How to deal with GDPR

The biggest change to privacy regulation in two decades is coming. The IAB's Head of Policy and Regulatory Affairs, Yves Schwarzbart explains how your business can effectively prepare before the May 25 deadline.

Yves Schwarzbart

First published on Mediatel

We got there in the end. We’ve finally reached the point where the four-letter acronym - GDPR - is as hotly debated as any buzzword in the digital advertising industry.

Many believe that the General Data Protection Regulation has the potential to transform the industry in ways that seemed unthinkable only a few years ago. Designed to give individuals greater control over their data and introduce new accountability obligations for companies from 25 May 2018, the GDPR will likely shape the industry like no other policy development in its young history.

If 2017 is the year of AI, 2018 will be the year of the GDPR, at least until 25 May, at which point virtually every company in the digital advertising ecosystem will need to have its house in order and ready for inspection, or risk being subject to the GDPR’s eye-watering fines of up to 4% of global annual turnover (or €20m - whichever is greater).

The road towards compliance can look daunting at first. The GDPR is a complex piece of legislation that nevertheless suffers from shades of grey in many important areas for the digital advertising industry, including consent.

Guidance from European regulators to clear up these areas is on its way but may not arrive until December. That said, you should not wait until then to start enacting change, as many critical aspects on the road towards compliance can - and should - be addressed now.

The following five steps will put you on the right track toward 25 May’s deadline:

1. Designate a responsibility lead

Assign responsibility for GDPR implementation to a member of staff within your organisation. The GDPR will require many companies in the digital advertising industry to appoint a Data Protection Officer (DPO). If so, companies will have the choice to either outsource or use an in-house DPO.

Companies may therefore decide to task the DPO with GDPR implementation or another member of staff. In any case, don’t think of these roles as a burden to the company or its ambitions; rather, the role is to enable businesses and act as a go-between for relevant stakeholders, including regulators.

2. Raise company awareness

It will be essential for the lead or DPO to establish a GDPR Taskforce that reports directly to the highest level of management.

The Taskforce should comprise of people from key functions across the organisation (operations, engineering, data HR, etc.) and work on preparing a compliance roadmap with budgetary considerations, where appropriate.

It should also organise regular training and briefing sessions as well as other relevant material that can be shared with all staff members, business partners and clients.

3. Review and map data processing activities

Accountability is a core element of the GDPR, meaning that it will be paramount to demonstrate and record compliance. The first step towards GDPR compliance is to conduct an information audit to identify what individuals’ personal data you hold, where you get it from, who you share it with and what purpose(s) you use it for.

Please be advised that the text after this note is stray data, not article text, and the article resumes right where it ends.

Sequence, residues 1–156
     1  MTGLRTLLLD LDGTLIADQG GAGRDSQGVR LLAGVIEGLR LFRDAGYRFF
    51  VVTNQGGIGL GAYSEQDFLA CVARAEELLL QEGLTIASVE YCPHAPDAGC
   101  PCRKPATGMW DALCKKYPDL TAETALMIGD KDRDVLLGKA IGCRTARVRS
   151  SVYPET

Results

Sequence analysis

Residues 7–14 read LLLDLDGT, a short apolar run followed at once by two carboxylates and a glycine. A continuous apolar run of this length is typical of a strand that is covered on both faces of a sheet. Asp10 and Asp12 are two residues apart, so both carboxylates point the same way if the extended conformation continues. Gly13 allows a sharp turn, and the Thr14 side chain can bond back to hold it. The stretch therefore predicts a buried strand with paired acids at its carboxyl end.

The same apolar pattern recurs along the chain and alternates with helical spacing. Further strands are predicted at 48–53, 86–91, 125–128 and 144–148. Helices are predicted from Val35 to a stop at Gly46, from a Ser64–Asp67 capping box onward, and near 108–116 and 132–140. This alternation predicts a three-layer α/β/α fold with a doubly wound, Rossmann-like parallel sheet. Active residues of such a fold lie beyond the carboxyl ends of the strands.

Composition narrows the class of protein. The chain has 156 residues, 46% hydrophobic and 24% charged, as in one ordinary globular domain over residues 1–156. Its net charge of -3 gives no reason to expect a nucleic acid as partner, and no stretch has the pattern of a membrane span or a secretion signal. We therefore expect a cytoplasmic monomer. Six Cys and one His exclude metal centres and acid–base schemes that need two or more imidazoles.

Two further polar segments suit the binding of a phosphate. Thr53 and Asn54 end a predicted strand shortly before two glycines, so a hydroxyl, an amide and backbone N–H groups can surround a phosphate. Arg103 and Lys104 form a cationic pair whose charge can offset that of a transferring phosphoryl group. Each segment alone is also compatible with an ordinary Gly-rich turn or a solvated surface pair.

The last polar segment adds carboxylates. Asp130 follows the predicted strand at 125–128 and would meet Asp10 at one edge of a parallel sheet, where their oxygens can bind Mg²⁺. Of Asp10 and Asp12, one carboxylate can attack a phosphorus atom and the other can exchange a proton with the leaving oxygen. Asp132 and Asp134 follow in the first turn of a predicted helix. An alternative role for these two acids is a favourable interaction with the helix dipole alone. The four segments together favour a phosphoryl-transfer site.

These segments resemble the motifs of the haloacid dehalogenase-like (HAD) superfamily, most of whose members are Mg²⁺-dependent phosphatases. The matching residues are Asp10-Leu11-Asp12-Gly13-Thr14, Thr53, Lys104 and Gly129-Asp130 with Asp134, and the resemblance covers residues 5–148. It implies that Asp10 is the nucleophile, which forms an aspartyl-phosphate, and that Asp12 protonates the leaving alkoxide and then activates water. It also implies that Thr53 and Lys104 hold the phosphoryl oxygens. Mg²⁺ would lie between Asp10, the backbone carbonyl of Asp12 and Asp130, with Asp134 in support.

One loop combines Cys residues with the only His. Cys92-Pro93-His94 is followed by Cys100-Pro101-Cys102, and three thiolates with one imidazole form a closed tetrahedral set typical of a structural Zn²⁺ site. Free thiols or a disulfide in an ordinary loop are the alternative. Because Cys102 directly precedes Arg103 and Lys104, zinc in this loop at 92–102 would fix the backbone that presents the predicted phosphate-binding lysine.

When you run the audit, remember that the GDPR’s definition of personal data covers more than personally identifiable information (PII). A number of data points that many in the industry currently consider to fall outside the scope of data protection legislation will now be captured by the GDPR. That means that you shouldn’t assume that unique identifiers (e.g. cookie IDs or advertising IDs) are ‘anonymous’ data.

You should also implement measures to monitor the information going forward in order to ascertain the risk potential of data flowing in and out of your company.

4. Review and manage data partners

The information audit will help you understand and review which data partners you are working with – both directly and indirectly. Find out how your agencies and data partners are preparing for the GDPR and establish an effective data partner management system to ensure they are complying with their obligations. For example: obtaining consent where appropriate for the processing of personal data, as well as demonstrating compliance.

In time, organisations will need to revisit, review and adapt contracts or agreements with data partners to ensure compliance and that shared obligations and responsibilities under the GDPR are being managed adequately.

5. Read existing guidance but look out for new guidance

The GDPR is still filled with grey areas and regulators have yet to publish guidance for many important parts of the new law. We expect a waterfall of guidance to be released in October and December, but it’s important to review what’s already been published, including in areas such as Data Protection Officers (DPOs)Lead Supervisory Authority (LSA), the Right to Data PortabilityData Protection Impact Assessments and Data Processing at Work.

Complying with the GDPR brings challenges and opportunities. Whilst it can be daunting to take the first few steps towards compliance, just remember that regulators - and more importantly - customers will thank you for it.

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